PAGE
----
The Way We See The Problem Is The Problem

People are intrigued when they see good things happening in the lives of individuals, families, and organisations that are based on solid principles. They admire such personal strength and maturity, such family unity and teamwork, such adaptive syner-gistic organizational culture.

And their immediate request is very revealing of their basic paradigm. “How do you do it? Teach me the techniques.” What they’re really saying is, “Give some quick fix advice or solution that will relieve the pain in my own situation.”

They will find people who will meet their wants and teach these things; and for a short time, skills and techniques may appear to work. They may eliminate some of the cosmetic or acute problems through social aspirins and band-aids.

But the underlying chronic condition remains, and eventually new acute symptoms will appear. The more people are into quick fix and focus on the acute problems and pain, the more that very approach contributes to the underlying chronic condition. The way we see the problem is the problem.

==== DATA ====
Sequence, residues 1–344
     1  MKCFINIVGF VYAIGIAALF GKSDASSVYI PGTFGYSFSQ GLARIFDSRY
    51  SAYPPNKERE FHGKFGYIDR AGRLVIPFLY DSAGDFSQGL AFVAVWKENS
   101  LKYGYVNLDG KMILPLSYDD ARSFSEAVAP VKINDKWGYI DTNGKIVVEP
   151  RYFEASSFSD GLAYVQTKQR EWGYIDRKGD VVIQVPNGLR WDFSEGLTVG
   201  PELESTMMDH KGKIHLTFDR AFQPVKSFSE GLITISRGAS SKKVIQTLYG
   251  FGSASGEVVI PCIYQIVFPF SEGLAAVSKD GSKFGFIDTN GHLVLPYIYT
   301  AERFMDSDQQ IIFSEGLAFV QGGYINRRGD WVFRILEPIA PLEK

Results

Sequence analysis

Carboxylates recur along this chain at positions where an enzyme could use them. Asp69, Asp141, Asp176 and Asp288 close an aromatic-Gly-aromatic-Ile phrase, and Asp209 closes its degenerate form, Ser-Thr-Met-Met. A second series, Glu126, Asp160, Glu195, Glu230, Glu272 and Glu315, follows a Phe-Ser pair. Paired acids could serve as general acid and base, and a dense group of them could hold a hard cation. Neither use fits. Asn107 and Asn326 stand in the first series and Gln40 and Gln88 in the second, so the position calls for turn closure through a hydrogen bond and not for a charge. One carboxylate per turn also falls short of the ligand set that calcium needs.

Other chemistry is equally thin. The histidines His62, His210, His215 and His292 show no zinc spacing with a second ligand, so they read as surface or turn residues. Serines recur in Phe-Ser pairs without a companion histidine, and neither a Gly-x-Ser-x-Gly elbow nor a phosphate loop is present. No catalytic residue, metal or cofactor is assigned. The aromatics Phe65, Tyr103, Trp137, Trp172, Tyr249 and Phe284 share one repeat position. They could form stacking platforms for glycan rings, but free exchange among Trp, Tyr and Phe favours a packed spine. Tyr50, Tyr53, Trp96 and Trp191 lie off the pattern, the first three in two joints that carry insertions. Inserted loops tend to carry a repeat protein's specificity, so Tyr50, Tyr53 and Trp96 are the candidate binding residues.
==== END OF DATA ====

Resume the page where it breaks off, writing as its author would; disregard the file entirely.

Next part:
Whether people see it or not, many are becoming disillusioned with empty promisws of the Personality Ethic. As I travel aro-und the country and work with organisations, I find that long-term thinking executives are simply turned off by psych up psychology and “motivational” speakers who have nothing more to share than entertaining stories mingled with platitudes.

They want substance ; they want process. They want more than aspirin and band-aids. They want to solve the chronic underlying problems and focus on the principles thay bring long-term results.


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